A relational database consists of tables, views, and stored procedures. Tables and views have rows of similarly formatted information. The rows contain columns that describe the information within the rows.
For example, a database table could contain customer information, where each row represents a customer, and each column represents a piece of information about that customer. The column headings could include name, street address, city, state, and zip code. Similarly, the table could have alarm records with values, batch information, or electronic batch records.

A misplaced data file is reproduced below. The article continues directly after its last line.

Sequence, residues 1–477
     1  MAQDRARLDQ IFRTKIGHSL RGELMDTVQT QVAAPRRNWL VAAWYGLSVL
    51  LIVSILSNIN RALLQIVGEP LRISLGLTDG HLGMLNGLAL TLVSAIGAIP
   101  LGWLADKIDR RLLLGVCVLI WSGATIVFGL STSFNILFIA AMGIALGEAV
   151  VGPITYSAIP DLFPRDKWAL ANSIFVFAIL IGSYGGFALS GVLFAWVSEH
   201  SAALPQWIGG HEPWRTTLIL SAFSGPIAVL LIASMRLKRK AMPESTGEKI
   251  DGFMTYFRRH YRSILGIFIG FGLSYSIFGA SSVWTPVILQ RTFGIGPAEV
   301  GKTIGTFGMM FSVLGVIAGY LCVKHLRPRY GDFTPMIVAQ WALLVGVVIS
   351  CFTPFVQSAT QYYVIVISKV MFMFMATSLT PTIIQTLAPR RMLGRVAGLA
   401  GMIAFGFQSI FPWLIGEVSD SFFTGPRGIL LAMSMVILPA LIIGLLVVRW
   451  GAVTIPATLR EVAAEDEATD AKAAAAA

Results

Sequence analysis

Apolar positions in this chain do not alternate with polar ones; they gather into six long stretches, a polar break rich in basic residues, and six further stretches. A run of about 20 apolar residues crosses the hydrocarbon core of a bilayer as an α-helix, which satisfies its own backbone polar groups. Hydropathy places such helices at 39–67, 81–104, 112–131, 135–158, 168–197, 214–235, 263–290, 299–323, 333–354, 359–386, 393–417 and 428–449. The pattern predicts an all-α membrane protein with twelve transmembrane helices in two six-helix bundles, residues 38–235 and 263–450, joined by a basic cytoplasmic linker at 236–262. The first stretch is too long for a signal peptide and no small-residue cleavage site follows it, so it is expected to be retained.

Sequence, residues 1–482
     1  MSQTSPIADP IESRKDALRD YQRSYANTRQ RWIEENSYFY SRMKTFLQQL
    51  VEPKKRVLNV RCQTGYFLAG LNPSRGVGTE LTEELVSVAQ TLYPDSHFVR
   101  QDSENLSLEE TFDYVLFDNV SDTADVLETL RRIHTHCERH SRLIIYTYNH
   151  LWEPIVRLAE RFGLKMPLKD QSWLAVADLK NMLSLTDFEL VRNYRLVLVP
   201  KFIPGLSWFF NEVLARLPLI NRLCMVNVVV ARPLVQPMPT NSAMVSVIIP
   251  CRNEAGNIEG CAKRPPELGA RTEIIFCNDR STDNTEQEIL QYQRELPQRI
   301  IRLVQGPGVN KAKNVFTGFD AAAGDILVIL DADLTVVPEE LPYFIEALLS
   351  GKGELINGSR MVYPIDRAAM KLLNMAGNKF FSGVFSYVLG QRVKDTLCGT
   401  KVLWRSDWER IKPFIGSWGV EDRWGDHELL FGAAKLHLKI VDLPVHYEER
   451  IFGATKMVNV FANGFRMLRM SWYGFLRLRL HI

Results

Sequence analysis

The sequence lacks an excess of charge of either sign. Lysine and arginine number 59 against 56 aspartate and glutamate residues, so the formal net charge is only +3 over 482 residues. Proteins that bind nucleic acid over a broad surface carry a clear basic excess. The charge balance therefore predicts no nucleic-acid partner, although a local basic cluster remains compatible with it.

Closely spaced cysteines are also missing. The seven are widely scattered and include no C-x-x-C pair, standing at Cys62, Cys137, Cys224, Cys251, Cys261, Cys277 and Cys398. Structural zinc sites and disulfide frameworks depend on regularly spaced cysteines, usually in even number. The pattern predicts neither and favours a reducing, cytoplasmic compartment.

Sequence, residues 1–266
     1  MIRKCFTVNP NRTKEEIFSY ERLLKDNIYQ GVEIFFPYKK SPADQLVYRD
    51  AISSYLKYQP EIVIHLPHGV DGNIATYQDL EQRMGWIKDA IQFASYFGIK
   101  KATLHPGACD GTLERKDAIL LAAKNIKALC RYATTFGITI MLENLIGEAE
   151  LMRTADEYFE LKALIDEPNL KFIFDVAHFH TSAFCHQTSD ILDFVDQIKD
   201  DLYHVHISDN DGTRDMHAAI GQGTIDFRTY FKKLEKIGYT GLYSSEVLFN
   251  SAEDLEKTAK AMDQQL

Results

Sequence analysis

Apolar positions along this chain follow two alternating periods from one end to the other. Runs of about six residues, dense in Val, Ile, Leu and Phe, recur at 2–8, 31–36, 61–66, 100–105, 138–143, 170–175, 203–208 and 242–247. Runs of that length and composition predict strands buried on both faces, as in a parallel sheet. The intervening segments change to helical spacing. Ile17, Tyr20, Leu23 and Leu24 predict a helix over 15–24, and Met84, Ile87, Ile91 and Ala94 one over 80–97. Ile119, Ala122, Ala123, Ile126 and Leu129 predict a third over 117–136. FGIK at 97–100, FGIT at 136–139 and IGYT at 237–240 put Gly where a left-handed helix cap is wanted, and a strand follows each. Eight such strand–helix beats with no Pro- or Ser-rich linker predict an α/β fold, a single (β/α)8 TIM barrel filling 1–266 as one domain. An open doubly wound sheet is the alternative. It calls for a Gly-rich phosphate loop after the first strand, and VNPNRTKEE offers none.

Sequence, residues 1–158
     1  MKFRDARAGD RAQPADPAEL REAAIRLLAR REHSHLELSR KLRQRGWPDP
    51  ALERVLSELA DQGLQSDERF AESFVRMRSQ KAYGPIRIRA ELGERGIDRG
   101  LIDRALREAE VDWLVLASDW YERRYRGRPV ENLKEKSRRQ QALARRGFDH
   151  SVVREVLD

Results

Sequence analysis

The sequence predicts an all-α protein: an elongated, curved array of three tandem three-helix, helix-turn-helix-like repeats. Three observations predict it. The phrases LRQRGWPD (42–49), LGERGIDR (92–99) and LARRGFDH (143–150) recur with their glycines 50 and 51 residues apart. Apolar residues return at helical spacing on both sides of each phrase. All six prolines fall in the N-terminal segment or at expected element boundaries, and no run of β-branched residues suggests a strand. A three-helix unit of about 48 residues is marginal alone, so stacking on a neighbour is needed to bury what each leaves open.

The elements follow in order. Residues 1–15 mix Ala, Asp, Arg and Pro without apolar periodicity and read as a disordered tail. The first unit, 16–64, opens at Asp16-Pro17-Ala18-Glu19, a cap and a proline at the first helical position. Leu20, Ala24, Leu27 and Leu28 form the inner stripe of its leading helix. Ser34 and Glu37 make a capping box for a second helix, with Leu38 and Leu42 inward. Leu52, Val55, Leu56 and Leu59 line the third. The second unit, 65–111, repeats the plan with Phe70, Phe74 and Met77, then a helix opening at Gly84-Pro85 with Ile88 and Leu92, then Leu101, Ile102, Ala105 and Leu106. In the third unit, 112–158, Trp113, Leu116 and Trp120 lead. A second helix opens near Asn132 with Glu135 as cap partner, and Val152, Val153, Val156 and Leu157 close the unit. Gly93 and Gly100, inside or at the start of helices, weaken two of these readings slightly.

In the SQL Statement Builder, each connection to a particular database may contain multiple schemas. A schema is a set of tables, views, and stored procedures available through that database connection. Before you can access data with an SQL statement you need to create a schema so that the Statement Builder knows which database to retrieve data from.
As you create a schema, you select the tables, views, and stored procedures you want to access. After you make your selections and save the schema, the Statement Builder lists the schema in the tree on the Schemas tab, allowing you to drag a table or view into the canvas. When this is done, you see a graphical rendition of the table, view, or stored procedure with the object's name as the heading, and the column names as the items within the container, as shown in the following figure.
For information about creating a schema, see the Creating Schemas section.